Luke Harding visits Tripoli’s museum, now guarded by two friendly rebels, Naiem and Islam.
Naiem told me how he and other locals liberated the museum on Sunday 21 August – the day the rebels surged into western Tripoli, and a popular insurrection erupted inside it. The Gaddafi soldiers were armed; the locals had no weapons other than a small harpoon used for fishing trips. “Gaddafi was mad. He had hid soldiers in hospitals, museums and schools,” Naiem said. “They left their clothes here and ran away.”
Not all escaped: the rebels captured two of Gaddafi’s soldiers trying to flee. One, Naiem said, admitted he genuinely liked Gaddafi. The other, however, explained that his officers had told him he wasn’t fighting fellow Libyans but was going to war against France, Britain and Nato. “He didn’t know the truth,” Islam said. Both soldiers were now in a rebel prison, their fate unclear in a city without a justice system.
In a room devoted to Sabratha – Libya’s other stunning Roman city – I found a bust of Marcus Aurelius. He had been taken out of his niche and propped carefully against a wall. Nearby was a female bust from a Roman necropolis, her expression dignified and mournful. I discovered more soldiers’ mattresses in a room of Neolithic grinding stones and panels of early Saharan rock art – their primitive strokes recognisable as palm trees.
Upstairs, an entire room had been devoted to the Green Book, Gaddafi’s balmy political treatise. The inscription in English was, predictably, glowing in its praise of Libya’s mysterious and vanished leader. The “charming” Gaddafi led an audacious coup against the “medieval monarchy” of King Idris, it said, and took the bold step in 1973 of nationalising Libya’s oil industry. Gaddafi’s Third Universal Theory was a philosophy superior to both western capitalism and Soviet communism, I learned.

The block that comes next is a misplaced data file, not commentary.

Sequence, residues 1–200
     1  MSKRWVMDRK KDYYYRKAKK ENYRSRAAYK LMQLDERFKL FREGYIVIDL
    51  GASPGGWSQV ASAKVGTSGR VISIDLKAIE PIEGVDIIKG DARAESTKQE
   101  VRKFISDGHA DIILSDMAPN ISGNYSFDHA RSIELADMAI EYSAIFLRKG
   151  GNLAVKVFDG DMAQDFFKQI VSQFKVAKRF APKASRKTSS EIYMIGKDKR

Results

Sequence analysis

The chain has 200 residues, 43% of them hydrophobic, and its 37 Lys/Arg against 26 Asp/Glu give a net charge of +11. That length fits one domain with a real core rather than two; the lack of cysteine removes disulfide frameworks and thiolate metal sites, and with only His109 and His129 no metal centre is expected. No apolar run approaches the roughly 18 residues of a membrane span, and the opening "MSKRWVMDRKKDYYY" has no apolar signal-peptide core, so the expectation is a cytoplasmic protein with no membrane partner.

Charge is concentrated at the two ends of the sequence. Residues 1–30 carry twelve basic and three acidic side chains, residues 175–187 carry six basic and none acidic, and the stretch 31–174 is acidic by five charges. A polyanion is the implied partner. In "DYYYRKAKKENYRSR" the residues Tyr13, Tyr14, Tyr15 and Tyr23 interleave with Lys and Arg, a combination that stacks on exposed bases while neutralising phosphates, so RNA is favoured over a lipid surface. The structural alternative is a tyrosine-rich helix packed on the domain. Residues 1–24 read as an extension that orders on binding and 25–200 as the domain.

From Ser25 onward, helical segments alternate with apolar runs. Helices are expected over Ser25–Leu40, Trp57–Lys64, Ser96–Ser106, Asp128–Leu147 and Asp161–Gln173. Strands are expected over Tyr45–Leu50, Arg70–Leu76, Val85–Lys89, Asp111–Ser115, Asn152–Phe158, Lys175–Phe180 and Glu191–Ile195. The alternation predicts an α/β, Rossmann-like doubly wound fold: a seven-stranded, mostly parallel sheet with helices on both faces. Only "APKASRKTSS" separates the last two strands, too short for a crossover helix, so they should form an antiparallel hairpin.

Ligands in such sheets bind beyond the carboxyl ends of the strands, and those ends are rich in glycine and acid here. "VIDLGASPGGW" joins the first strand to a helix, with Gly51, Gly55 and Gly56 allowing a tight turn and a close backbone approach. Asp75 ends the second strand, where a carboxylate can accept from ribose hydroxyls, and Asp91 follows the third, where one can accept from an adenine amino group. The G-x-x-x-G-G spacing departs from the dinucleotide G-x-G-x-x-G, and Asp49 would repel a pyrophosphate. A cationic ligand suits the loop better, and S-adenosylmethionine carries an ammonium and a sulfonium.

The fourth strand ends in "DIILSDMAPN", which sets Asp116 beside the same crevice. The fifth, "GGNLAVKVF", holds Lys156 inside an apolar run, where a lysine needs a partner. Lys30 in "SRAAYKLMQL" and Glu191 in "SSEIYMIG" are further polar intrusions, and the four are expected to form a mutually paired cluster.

The most intriguing discovery lay in the basement. Here, I found exhibits from the pre-Gaddafi era, carefully stored away, as well as King Idris’s palace furniture, smelling strongly of mothballs. There was a gilded Buddha, water pitchers, and a series of framed prints — a 19th-century French lithograph of the Bosporus, and portraits of Libyan nationalists who fought a century ago against Italian colonial rule. All had been hidden. “We have many heroes in Libya. But Gaddafi wanted to be the only one,” Naiem observed.